The Freedom of Information Act 2011: an unwieldy piece of legislation for the Nigerian courts?
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Nigeria joined the trend present in other democratic nations by enacting the Freedom of Information Act (FOIA) in 2011. Now just five years old, the law intends to promote openness and transparency by making public records and information freely available to the people as part of a good governance regime. As the law provides for judicial review, torrents of applications are now before the courts. The paper analyses the FOIA against the backdrop of these decisions. In addition, this article argues that some sections of the law are clumsy and may prevent its effective use. The paper proposes law reforms to clear the ambiguity in the court cases and an amendment of the unwieldy sections. It recommends change in the internal culture of government to openness, acceptance by public institutions and willingness on the part of the judges to implement it as critical factors for FIOA success.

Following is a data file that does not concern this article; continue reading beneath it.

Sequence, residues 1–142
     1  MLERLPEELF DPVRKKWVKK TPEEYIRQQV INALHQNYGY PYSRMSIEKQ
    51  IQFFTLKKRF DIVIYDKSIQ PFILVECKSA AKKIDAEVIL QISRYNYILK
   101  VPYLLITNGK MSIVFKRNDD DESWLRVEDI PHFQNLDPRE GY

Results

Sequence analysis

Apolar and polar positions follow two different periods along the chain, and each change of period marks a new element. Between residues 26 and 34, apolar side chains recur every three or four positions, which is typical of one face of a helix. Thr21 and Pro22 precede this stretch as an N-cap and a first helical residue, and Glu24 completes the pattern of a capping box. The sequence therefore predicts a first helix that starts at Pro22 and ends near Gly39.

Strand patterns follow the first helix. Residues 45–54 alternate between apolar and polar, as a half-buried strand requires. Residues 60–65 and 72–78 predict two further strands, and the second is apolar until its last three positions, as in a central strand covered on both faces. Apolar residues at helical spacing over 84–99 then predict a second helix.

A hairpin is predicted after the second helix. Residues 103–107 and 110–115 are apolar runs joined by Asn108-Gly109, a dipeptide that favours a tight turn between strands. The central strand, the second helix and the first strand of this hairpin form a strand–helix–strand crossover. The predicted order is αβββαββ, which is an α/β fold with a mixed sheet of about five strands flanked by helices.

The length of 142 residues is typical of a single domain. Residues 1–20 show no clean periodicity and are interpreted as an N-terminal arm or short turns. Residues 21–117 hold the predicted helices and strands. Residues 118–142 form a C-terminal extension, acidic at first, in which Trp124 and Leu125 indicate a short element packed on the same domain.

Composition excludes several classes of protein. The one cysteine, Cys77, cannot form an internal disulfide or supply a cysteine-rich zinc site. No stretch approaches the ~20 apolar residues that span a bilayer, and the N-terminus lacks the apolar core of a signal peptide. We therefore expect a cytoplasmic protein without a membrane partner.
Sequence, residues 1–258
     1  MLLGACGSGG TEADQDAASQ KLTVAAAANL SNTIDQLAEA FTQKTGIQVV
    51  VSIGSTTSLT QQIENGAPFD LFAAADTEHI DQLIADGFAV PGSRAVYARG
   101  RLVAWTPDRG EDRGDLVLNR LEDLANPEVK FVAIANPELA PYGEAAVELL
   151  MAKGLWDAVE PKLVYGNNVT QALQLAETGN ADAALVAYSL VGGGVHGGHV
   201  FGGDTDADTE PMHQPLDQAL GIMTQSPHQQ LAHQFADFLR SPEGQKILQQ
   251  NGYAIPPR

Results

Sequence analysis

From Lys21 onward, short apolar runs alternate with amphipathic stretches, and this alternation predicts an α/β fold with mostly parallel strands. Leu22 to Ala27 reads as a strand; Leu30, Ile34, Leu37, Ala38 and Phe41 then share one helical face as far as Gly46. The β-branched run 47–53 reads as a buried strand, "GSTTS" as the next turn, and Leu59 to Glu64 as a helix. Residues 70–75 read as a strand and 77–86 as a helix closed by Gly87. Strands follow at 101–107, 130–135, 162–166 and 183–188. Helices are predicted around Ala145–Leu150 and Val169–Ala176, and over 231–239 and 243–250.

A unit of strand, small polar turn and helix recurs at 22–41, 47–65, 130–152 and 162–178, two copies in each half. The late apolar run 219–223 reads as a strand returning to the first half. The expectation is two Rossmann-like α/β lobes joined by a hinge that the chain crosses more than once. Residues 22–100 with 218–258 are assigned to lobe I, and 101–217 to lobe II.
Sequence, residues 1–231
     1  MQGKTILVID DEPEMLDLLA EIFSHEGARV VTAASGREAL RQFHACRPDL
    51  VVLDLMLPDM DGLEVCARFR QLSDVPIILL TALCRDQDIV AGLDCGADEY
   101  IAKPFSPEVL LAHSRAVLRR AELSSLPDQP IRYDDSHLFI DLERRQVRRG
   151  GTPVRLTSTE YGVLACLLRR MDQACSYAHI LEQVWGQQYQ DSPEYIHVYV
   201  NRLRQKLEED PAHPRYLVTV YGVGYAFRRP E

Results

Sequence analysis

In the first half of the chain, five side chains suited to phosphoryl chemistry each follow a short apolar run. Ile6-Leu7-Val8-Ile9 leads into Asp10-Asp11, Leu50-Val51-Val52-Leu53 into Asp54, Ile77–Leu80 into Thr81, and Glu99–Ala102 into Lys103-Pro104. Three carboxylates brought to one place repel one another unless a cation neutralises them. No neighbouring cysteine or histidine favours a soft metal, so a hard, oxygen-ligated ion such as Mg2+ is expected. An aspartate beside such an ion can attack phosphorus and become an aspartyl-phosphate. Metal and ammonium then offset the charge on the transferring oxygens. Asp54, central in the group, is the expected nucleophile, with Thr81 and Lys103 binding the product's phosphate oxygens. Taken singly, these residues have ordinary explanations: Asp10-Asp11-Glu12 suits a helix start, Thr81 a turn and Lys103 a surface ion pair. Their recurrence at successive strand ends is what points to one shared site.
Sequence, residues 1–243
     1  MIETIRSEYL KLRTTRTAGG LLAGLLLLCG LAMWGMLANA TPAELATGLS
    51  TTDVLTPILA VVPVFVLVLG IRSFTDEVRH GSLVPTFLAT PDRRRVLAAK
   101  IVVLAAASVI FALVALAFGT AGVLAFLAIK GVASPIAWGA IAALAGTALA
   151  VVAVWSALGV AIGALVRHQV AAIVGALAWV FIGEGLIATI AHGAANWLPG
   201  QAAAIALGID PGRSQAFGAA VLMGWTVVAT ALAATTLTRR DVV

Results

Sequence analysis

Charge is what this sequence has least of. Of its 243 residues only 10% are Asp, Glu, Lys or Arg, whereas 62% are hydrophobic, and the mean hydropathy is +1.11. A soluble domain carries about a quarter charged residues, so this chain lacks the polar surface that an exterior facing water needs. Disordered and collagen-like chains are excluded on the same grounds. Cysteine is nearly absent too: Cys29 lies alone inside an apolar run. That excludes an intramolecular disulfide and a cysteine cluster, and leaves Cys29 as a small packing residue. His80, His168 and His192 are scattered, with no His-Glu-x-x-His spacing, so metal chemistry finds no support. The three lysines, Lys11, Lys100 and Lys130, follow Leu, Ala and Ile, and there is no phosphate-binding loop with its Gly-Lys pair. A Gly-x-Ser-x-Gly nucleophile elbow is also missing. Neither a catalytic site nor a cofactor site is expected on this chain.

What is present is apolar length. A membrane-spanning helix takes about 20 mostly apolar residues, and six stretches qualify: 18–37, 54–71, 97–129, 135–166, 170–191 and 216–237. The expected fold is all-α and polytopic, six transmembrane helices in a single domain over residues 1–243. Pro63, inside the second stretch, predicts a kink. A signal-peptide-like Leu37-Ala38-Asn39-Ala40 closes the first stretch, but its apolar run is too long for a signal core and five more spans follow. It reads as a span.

Freedom of information , Nigerian courts , Legislation
Ogunniran, I. (2016). The Freedom of Information Act 2011: an unwieldy piece of legislation for the Nigerian courts?